Speaking of crappy sports talk show hosts—who just seem to be happy and ecstatic when others fail—how about that guy who does standup comedy and also has his own sports talk show? No, I’m not going to say his name either, but he’s a high-profile guy. I haven’t heard him do standup comedy because I’m not interested, but I have to say his sports takes are just…moronic. He’s the same guy who suggests that professional athletes should be unprofessional and fail physicals on purpose so that they don’t have to go to a crappy team that they’ve been traded to! One of his latest takes was about Matt Kemp being on a great team like the Dodgers and then suddenly having to go to a lousy team like the Padres, and in the process giving up the wonderful lifestyle in Los Angeles including going to Laker games. According to this talk show guy, Kemp ought to just fake an injury so that he could fail the physical and not have to go to the Padres!! Like, yeah, not a funny take at all, and I personally find that most of his takes are horrible.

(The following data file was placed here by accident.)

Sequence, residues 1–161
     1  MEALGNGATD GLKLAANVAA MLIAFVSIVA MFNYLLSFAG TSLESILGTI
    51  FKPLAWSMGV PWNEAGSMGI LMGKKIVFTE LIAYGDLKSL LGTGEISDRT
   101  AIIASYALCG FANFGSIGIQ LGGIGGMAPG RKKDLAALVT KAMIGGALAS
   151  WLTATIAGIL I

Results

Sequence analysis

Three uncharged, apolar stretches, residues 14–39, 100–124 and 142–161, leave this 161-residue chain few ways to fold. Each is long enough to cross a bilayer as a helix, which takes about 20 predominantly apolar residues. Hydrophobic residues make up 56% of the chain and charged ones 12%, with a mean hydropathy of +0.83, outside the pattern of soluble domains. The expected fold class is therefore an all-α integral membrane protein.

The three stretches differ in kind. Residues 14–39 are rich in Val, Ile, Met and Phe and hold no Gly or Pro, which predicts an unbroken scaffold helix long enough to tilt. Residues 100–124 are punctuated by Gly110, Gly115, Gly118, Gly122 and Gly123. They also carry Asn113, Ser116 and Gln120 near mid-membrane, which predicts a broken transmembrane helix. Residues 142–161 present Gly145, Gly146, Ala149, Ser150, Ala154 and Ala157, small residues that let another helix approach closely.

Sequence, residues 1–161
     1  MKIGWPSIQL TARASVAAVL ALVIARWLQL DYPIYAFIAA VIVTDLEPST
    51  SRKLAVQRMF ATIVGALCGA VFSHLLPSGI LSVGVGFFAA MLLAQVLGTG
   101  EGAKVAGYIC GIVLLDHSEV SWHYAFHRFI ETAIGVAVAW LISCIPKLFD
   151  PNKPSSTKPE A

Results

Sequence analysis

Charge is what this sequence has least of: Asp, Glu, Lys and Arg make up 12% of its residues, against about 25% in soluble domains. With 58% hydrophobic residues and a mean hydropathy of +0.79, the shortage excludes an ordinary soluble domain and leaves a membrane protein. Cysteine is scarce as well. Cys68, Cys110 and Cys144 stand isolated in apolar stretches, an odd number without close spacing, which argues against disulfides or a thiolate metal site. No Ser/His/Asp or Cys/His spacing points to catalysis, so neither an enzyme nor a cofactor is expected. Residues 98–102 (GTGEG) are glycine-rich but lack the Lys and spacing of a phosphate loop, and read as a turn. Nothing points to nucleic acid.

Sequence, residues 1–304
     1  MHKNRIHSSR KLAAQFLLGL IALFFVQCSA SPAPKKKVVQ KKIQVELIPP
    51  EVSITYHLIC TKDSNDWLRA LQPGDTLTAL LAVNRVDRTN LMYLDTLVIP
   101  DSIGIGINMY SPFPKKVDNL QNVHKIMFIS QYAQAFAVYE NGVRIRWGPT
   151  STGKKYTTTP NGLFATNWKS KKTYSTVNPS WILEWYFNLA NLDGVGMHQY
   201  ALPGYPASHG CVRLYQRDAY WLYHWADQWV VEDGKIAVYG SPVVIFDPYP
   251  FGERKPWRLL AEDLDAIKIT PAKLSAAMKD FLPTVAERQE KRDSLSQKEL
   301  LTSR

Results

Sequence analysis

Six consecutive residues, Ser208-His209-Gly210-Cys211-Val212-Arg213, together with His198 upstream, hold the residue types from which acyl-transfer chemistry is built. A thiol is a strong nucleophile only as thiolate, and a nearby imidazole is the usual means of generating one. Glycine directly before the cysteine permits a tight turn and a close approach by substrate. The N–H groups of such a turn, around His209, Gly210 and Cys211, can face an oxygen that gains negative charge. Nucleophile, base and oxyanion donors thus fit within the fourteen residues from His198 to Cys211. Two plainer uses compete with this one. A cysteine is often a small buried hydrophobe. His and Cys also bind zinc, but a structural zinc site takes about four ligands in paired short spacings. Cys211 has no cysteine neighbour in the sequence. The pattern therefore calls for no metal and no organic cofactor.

But anyway, since I love sports and want to listen to sports news and discussions/debates, I won’t change the channel. It’s because I love sports, and unlike some of these hosts, I don’t let my dislike or hatred of something take over my life (the way that some of them let their hatred of Tony Romo or the Cowboys cloud their judgement)! And no, I’m not going to refer to certain people as “RG3” or “Matty Ice”!